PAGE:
the globalization process.

Yet the advantages we can gain from the outside are just as
important. As Russia becomes a more open country with a liberal
economy, we automatically gain broader access to the world market.
This is being made possible as a result of political moves, too. A
most vivid illustration is the U.S. acknowledgment that Russia is a
market economy country – something our nation has been working hard
for years to achieve. The improvement in our economic situation is
reflected in Russia’s growing credit ratings.

Therefore, everything we have by now managed to secure should be
complemented with the tools we will acquire as we join the WTO.
Most importantly, this is the opportunity to protect our interests
on the world market and resort to the smoothly functioning WTO
mechanisms to state our case. It is already obvious that, while not
being a WTO member, Russia is acting in good faith as a player on
the world market. In some fields, our attitude is even more liberal
than that of WTO members. For example, compared to Russia,
agriculture in the European Union member countries is a pampered
child enjoying far more direct government support. Besides, the
recent wave of antidumping investigations on the steel market of
the United States and other countries calls into question their
commitment to the principles of free trade. Under these
circumstances, the Russian market appears to be the least protected
in the entire world.

This is where the other side of globalization makes itself felt:
the interconnection of the world’s economies makes someone’s local
decision a headache for all. This calls for an integrated approach
which can be formulated using the WTO mechanism of multilateral
consultations. Besides, large corporations that play a major role
in the economies of their countries often influence the adoption of
non-market administrative decisions in their favor. Under such
circumstances, it is pointless for Russian companies – or Russian
officials or diplomats – to try and cope with the situation on
their own. Such problems can only be tackled effectively if one
resorts to the authority of international organizations and makes
use of the mechanisms they offer.

At the WTO, this is its specialized agency on the settlement of
commercial disputes. Each member-country can lodge a complaint with
it against the actions of another country taken beyond the accepted
boundaries of commercial regulation. The WTO verdict may oblige the
offender to rescind the unlawful measure; those affected will be
entitled to take countervailing steps or obtain other compensation.
That is what the EU did in response to the March decision of the
United States to introduce protective measures with respect to
steel products. Largely thanks to the unfavorable verdict of the
WTO, the United States has already begun to drastically cut the
list of steel products subject to prohibitive duties.

Generally, the practical record of the WTO agency on the
settlement of trade disputes shows that it can be used to curb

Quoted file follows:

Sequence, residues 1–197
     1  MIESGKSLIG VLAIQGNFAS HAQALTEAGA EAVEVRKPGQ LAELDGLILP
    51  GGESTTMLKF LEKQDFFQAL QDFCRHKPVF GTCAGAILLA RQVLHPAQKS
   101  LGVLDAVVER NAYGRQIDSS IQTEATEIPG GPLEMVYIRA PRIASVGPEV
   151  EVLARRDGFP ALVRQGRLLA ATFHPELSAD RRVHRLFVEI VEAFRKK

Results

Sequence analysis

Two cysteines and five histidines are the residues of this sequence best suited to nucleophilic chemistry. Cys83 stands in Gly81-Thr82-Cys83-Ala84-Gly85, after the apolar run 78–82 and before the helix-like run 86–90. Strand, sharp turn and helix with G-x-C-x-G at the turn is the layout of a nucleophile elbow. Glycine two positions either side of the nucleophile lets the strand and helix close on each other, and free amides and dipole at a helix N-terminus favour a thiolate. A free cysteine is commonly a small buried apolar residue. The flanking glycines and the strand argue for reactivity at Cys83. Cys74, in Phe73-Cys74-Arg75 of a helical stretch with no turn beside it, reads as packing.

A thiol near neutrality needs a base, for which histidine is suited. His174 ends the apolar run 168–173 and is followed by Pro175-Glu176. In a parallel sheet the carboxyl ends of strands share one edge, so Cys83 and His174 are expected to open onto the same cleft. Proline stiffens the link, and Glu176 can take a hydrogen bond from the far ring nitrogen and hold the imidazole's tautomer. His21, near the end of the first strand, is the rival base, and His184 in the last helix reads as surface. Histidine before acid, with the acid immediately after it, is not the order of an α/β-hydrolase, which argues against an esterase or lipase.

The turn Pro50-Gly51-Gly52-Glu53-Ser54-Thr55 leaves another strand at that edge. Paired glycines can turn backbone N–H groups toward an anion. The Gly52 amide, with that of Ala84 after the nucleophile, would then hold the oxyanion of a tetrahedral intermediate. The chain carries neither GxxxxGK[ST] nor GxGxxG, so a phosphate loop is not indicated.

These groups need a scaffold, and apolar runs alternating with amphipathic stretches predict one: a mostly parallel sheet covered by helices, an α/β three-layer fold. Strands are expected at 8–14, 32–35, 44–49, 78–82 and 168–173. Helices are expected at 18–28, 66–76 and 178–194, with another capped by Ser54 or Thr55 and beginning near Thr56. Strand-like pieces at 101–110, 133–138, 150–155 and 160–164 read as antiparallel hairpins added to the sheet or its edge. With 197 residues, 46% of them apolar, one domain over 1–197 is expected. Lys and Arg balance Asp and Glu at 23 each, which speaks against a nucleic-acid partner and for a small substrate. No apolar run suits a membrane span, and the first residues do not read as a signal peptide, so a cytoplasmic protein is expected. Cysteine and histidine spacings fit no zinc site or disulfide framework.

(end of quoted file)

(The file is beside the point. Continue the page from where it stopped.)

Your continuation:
non-market protectionist ambitions. Yet Russia, while in fact
observing the WTO trade rules, cannot make use of the advantages
offered by this procedure. This is all the more unfortunate because
our exporters are increasingly exposed to such unfair claims. Aside
from the traditionally penalized steel producers, such problems
arise for textile, auto, chemical and fertilizer manufacturers and
even farmers. Suffice it to recall the recently imposed EU quotas
on Russian grain. To many companies, the loss of export earnings
means serious financial setbacks; this affects, to varying degrees,
salaries, jobs and tax payments. It follows that the ousting of our
goods from foreign markets or the impossibility of selling abroad
creates an integrated adverse economic effect. Therefore, it is now
extremely important for Russia to uphold its interests abroad using
every means available.

Another important advantage Russia is so far deprived of is a
chance to take part in the establishment of world trade rules. It
is absurd for Russia, a major player on the world market, to
observe rules established without its involvement. True, we can
affect decision-making with respect to the development of the world
economy by taking part, say, in the G-8 summits or in the
deliberations of UNCTAD. Still, the WTO remains the forum that
establishes not only the rules of trade but also the basic rules of
business; and the scope of its powers and regulatory discretions
keeps expanding.

I particularly felt that the role of an outsider on the world
market was no longer enough for us at last year’s WTO conference in
Doha that decided to launch a new global round of negotiations on
free trade. Russia was only allowed brief five-minute slots to make
its statements but, more importantly, we could not vote on matters
of considerable concern to us, such as prospective support for
agriculture. It would be even more unfortunate if the final
decisions in this round of talks are made without us: the new round
is to include further liberalization of access to the service
markets and regulation of investment. The objective is to improve
the operation of the current antidumping agreements and the
arrangements on subsidies and countervailing measures. Besides, the
WTO member-countries will begin discussing attitudes to the
regulation of the energy market. It is essential for the voice of
Russia on these matters to be heard and taken into account. Yet how